Sensex, Nifty crash may be an opportunity to buy; markets doubled after 2008 global financial crisis

May 7, 2020 2:25 PM

If history is any guide, adversity offers maximum value. The global financial crisis in 2008 culminated in the index being up nearly 100% in 2009.

Sensex, markets, niftyEquities are considered to be tickers which go up and down. They are not considered to be fractional ownership in businesses
  • By Anshul Saigal

The last two years have been a period of severe adversity for the markets. The culmination of this adversity is the current coronavirus-led stress. Since the market’s peak in Dec 2017 till March 2020, Nifty 500, Nifty Mid Cap & Nifty Small Cap are down approximately 30%, 50% & 60%, respectively. Seeing such market action negligible numbers of investors, if any, are putting new capital to use in the markets. The most quoted phrase of Warren Buffett is, “Be fearful when others are Greedy and be Greedy when others are Fearful”. While this is an easy phrase to quote, it is the hardest to imbibe. In such uncertain times, capital preservation is paramount in investors’ psyche, Greed has low priority. In this context a thinking framework we follow is as follows:

1. While shopping for garments, groceries, electrical goods we jump on discounts
2. If our property is worth Rs 1Cr and a similar-sized, adjoining apartment is available at Rs 60 Lakhs, we would run to buy

Albeit, if equities trade at a discount to intrinsic value, the belief is this trend would continue. 2 reasons that explain this psychology are:

a. Loss Aversion – The Pain of a Loss is 2x the pleasure of a Profit. Hence investors tend to cave in and cut losses when pain is maximum
b. Speculation over investing – Equities are considered to be tickers which go up and down. They are not considered to be fractional ownership in businesses. The business value does not change as frequently as market price changes. Hence for discerning investors, fall in market price, when business value is constant, is an opportunity. Speculators chase trends, hence get perturbed by price declines

If history is any guide, adversity offers maximum value. SARS crisis happened in 2003, markets were down c.15% while the crisis was underway but ended higher by 82% for the year 2003. The global financial crisis in 2008 culminated in the index being up nearly 100% in 2009. Performance of stocks, 3 months/ 18 months post the market bottom on 9 March 2009 was robust, as can be seen from the table below:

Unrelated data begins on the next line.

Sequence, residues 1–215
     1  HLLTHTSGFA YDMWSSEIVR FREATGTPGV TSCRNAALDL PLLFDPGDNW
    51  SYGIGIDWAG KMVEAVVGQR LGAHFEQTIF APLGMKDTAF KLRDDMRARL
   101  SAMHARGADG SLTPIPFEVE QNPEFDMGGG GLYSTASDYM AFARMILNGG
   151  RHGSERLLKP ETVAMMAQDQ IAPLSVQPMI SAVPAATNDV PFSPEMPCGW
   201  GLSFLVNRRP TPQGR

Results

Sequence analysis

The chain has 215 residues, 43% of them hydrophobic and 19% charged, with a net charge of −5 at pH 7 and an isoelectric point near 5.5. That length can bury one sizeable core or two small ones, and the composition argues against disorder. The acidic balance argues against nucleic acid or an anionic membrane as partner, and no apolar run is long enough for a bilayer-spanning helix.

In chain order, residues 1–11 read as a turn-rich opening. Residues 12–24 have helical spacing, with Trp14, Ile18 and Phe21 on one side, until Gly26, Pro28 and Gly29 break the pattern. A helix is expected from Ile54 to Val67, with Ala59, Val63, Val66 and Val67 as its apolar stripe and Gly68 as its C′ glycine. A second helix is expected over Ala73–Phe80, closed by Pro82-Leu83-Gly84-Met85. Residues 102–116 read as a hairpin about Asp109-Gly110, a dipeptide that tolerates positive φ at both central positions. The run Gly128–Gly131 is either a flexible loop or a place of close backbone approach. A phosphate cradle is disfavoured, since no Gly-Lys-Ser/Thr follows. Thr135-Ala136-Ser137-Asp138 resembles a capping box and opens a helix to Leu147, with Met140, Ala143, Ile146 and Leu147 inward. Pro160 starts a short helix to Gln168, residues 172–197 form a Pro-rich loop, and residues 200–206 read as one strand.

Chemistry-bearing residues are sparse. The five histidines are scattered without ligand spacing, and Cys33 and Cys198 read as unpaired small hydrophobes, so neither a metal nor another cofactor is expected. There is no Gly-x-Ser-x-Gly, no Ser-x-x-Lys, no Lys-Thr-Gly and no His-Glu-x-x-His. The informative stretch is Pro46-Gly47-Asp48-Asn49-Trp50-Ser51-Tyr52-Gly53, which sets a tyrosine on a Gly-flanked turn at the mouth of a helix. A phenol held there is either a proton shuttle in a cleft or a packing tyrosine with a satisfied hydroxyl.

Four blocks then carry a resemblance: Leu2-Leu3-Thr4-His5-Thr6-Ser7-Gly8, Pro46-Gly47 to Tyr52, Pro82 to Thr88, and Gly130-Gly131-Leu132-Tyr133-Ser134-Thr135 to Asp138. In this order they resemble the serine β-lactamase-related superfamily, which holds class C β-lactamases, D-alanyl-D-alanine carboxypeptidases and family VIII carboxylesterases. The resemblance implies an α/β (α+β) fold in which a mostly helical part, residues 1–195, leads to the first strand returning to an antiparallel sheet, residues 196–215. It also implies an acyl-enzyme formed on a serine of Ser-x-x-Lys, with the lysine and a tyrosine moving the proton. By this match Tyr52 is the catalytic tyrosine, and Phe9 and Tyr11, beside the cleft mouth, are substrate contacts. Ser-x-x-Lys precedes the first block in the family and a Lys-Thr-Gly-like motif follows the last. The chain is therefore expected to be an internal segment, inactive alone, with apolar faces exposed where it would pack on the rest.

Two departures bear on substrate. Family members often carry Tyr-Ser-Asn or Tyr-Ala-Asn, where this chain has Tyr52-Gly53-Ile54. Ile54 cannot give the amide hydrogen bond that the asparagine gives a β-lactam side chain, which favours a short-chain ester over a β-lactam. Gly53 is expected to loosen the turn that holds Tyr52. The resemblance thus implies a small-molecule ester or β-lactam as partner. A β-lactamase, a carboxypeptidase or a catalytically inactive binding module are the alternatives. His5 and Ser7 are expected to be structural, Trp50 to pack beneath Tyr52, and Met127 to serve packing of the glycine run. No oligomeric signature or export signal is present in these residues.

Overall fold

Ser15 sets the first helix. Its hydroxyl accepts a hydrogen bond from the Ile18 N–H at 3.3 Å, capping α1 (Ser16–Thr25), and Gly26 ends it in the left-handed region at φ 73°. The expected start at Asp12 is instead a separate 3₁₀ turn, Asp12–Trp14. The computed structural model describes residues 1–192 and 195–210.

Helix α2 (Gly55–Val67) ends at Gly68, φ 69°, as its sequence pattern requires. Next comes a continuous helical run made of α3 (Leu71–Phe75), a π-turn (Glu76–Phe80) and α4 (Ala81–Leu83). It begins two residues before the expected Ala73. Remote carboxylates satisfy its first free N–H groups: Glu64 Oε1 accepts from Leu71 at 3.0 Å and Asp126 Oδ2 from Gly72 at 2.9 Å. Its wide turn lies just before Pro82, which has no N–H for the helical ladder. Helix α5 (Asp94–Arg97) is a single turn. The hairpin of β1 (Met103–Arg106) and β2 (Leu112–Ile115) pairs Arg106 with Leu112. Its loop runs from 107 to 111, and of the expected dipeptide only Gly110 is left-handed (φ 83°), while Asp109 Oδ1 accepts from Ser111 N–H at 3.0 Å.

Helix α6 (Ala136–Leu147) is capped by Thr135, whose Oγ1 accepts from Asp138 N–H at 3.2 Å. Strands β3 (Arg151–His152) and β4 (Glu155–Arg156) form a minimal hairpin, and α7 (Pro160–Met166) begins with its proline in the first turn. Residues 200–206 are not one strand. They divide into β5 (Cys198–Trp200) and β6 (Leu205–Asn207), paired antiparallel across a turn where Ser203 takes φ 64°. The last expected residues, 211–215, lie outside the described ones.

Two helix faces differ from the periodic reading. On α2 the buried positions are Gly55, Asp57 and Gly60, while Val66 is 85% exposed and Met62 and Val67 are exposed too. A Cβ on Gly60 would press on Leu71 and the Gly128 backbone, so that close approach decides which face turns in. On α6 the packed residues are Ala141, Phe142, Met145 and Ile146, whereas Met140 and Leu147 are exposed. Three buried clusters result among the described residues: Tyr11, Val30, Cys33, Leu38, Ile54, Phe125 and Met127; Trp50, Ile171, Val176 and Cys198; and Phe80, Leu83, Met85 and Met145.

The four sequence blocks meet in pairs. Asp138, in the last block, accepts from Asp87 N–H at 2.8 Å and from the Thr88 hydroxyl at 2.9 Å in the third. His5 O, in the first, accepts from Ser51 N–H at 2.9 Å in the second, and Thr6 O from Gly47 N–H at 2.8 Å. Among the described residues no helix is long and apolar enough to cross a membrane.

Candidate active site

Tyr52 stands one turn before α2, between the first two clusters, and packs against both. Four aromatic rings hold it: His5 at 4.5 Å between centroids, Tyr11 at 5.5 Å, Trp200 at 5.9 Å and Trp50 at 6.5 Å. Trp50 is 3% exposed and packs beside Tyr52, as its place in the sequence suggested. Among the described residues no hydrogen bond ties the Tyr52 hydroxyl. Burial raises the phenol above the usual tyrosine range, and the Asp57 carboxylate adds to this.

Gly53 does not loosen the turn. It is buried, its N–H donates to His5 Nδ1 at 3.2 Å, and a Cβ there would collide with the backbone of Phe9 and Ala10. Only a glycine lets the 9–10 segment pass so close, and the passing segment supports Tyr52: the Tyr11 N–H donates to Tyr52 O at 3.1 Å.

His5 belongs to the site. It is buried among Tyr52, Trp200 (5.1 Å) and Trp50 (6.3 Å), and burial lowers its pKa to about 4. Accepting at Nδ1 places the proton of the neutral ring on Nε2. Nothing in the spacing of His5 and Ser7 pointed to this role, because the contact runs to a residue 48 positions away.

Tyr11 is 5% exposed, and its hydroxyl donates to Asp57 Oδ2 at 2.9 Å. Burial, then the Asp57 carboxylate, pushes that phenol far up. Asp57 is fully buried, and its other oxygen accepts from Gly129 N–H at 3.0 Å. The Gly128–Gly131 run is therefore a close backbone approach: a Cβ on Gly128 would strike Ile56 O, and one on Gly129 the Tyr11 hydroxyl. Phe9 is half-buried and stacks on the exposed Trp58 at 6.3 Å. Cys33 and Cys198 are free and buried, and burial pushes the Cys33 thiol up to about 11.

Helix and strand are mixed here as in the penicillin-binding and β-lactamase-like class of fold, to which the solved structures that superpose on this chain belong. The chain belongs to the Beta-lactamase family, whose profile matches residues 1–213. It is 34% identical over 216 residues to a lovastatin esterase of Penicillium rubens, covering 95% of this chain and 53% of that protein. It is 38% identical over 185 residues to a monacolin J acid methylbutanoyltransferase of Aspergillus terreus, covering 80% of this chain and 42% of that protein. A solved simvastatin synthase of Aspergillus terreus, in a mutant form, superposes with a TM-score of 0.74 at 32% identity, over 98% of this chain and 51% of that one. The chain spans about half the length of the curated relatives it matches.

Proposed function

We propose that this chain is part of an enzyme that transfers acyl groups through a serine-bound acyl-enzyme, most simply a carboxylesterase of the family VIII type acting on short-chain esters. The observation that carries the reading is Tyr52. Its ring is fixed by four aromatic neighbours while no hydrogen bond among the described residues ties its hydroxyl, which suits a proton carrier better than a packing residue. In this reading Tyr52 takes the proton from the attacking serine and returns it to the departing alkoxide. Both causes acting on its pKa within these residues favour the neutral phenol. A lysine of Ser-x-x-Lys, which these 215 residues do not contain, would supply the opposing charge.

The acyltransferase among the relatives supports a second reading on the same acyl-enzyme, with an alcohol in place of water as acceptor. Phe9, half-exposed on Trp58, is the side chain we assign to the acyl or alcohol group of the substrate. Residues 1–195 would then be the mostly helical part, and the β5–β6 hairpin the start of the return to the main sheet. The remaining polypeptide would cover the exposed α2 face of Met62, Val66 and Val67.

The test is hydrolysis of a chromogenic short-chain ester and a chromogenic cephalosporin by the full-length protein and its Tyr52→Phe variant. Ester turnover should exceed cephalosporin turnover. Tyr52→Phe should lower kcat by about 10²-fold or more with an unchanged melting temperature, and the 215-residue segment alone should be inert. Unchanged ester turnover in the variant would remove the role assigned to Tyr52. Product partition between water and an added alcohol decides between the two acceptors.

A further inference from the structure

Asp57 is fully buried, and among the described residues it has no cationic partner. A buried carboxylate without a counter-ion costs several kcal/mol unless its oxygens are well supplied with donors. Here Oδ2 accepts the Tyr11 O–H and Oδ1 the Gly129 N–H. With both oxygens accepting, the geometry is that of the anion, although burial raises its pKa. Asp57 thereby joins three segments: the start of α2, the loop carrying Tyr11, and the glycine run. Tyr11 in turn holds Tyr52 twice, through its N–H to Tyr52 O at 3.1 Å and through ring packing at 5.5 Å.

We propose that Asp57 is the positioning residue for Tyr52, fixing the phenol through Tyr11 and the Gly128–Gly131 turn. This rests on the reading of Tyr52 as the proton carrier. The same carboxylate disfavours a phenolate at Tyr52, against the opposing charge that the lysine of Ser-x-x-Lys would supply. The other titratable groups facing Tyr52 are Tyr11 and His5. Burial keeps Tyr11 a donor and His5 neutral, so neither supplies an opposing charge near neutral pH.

In crisis periods governments take counter-cyclical measures to pump prime economic activity. Over March 2020, Global central banks have lowered rates with immense alacrity, emergency liquidity measures to support asset prices have been put in place, fiscal support is being offered, etc. At present, with nearly 2.7Mn COVID infections globally and 1.9 lakh lives lost, fear of COVID related economic weakness is hurting markets. Having said that the example of China suggests that COVID can be overcome as a result Chinese markets are down only 7% for the year (India is down approx. 30%). With so much liquidity waiting on the sidelines, as the number of COVID infections start trending down or a cure is formulated, markets may start building in an economic recovery and rebound. This does not mean investors should rush in with buckets of liquidity. Rather, it would be prudent to track data and put capital to use in spoonful measures. Given the significant correction in valuations, Risk-Reward may be favorable for investors looking beyond the near term uncertainty and seeking returns over a 2-3 year period.

(Anshul Saigal is Head – PMS at Kotak Mahindra Asset Management Company. Views expressed are the author’s own. Financial Express Online does not responsible for the recommendations, please consult your advisor before investing.)

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